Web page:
The expected snap parliamentary elections will likely launch a new democratic era in Azerbaijan, giving the voters a further possibility to advance the reform process, writes Dr Ceyhun Osmanli.
Dr Ceyhun Osmanli is a former member of parliament, a researcher and analyst on international relations and political economy, and the co-founder of Azerbaijan Green Movement.
For the first time in its history, the Azerbaijani Parliament asked to be dissolved on 2 December – which would pave the way for snap elections.
Earlier last week, the ruling New Azerbaijan Party (YAP) had called for the dissolution of the Parliament. This is a positive step as it could help modernise our country’s legislative branch and speed the course of economic reforms.
Many see this development as the Parliament’s response to the reform agenda led by the President of the Azerbaijani Republic, Ilham Aliyev. The ambitious reforms ahead of us can only be put in place by a new generation of dynamic, modern and well-educated experts.
In this new era, where socio-economic dynamism takes centre stage in Central Asia and the Caucasus, old-fashioned bureaucracies and entrenched power structures dating back to the Soviet time are no longer sustainable.
In order to reduce our independence on oil, diversify our economy and reform our institutions to better respond to our population’s need, a clean slate with a new political mindset is needed. This implies the retirement of octogenarians and septuagenarians and their replacement with younger generations.
Following his re-election in 2018, President Aliyev became increasingly aware of this. If his first years in office were marked by overcoming major political and economic challenges, achieving economic development and steady growth, throughout the last few months of his Presidency, the focus has shifted to modernisation efforts and structural reforms in state institutions and policies.
Importantly, a major government reshuffle took place, which led to the promotion of a younger generation to ministerial and administrative positions. Having studied at prestigious universities, such as Harvard and Sorbonne, a new generation of young politicians, who were by no means tied to the previous Soviet Union structures, started to have a strong presence in the echelons of power.
Just a month ago, Ali Asadov, respected for his experience in economic policy and reformist wisdom, was appointed as the new prime minister in a major government shake-up, including the replacement of two deputy prime ministers as well as several government and presidential staff.
The 81-year-old chief of the presidential administration, Ramiz Mehdiyev, was replaced by the 44-year-old Duke University alumnus Samir Nuriyev.
The head of the public and political department of the presidential administration, Ali Hasanov, was also fired from his position three days ago in response to citizen’s demands for the opening up of the media space and strengthening civil society.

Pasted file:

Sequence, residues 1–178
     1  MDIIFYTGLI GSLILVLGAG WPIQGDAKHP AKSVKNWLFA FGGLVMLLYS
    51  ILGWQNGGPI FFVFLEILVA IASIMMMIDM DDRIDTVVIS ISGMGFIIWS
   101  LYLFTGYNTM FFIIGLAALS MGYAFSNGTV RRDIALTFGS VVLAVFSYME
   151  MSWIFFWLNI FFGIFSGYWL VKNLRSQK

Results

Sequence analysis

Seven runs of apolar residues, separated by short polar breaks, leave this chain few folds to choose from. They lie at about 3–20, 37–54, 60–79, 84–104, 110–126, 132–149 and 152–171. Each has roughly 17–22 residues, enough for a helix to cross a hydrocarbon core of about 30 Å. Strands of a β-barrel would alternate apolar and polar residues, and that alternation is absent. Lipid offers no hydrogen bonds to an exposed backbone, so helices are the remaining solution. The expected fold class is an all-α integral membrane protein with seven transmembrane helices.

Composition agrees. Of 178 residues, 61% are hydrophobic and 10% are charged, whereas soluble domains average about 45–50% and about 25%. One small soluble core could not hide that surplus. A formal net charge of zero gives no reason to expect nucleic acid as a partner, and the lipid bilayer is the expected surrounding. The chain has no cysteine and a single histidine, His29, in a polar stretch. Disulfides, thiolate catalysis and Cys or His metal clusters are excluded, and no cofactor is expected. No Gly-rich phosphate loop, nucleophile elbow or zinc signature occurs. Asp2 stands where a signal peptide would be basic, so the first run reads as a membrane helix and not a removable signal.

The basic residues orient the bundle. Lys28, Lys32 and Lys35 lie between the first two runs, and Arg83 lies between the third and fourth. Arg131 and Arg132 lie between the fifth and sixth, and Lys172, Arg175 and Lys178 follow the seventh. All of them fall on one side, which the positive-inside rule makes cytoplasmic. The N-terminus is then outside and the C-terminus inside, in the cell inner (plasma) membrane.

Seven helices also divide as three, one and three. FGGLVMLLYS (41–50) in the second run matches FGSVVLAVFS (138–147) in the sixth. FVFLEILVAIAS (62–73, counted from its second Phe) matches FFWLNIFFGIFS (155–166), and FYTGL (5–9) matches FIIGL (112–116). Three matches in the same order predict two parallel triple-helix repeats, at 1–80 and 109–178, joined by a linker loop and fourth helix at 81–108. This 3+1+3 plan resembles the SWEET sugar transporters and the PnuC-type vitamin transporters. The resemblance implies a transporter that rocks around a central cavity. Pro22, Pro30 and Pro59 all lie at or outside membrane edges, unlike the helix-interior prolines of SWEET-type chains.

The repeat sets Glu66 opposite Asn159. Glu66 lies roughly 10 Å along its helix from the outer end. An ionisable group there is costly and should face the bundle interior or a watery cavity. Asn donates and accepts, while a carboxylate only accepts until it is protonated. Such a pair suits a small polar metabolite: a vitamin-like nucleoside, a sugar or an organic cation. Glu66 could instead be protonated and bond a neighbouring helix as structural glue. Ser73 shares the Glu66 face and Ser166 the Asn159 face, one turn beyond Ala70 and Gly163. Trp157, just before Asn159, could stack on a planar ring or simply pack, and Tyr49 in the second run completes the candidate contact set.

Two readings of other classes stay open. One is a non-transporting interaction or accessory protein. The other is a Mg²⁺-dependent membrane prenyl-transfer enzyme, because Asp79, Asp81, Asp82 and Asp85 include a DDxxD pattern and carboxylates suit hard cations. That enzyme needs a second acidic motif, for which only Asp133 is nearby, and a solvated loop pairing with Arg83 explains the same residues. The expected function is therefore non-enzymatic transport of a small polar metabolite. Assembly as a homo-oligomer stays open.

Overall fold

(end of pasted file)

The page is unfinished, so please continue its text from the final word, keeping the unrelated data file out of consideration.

It is a fact that politicians who blackmail or denigrate others cast a shadow over the reform process and the informal power politics, including monopolies of various oligarchs, curb foreign investments.
Hence, many believe that business as usual cannot go on and the reign of oligarchs marked by unfair competition and extraction of rents through systemic corruption must come to an end.
Serious efforts have been made to tackle these problems, for instance, aiming at combatting corruption in the Ministry of Taxes, Ministry of Transportation and the State Customs Committee. As a result, the leadership of these instances, which has been implicated in a number of scandals, was dismissed for wrongdoings.
These developments are largely due to the First Vice President Mehriban Aliyeva, whose office emerged as a pioneer of reforms since 2017, especially when it comes to the coordination of reform policy in the economic and judicial spheres.
As part of this reform process, important changes have been implemented in the customs and taxation fields to do away with monopolies and to equalize the regulatory playing fields for importing and exporting businesses.
The customs system was modernised with a transparent electronic customs declaration process, thus eliminating the intermediary of the Customs Committee for duty collection.
On the other hand, taxation procedures were updated to fully comply with major global transparency indexes following successful reforms in the field of taxation.
A graduate of the McGeorge School of Law, Tax Minister Mikayil Cabbarov has been promoted to the position of economy minister, his new functions also covering taxation and privatisation of state properties – which is expected to accelerate the privatisation of several state companies while attracting foreign investments in the upcoming years.
At the same time, industrial parks and Free Trade Zones were created, giving tax incentives, such as a seven-year tax-free regime, to foreign investors. Moreover, Special Economic Zones, such as the new Baku port of Alat, operate under British law and all businesses in the zone are exempt from duties and taxes.
These positive developments have been recently recognized by the World Bank’s Doing Business Index, where Azerbaijan’s position jumped up from 57th to 25th place between 2018 and 2019.
Moreover, President Aliyev signed a decree on judicial reforms in April 2019, demanding the implementation of focused reforms to address corruption in the legal system and increasing transparency and consistency of judicial processes.
These developments will hopefully launch a new democratic era in Azerbaijan, giving the voters a further possibility to advance the reform process.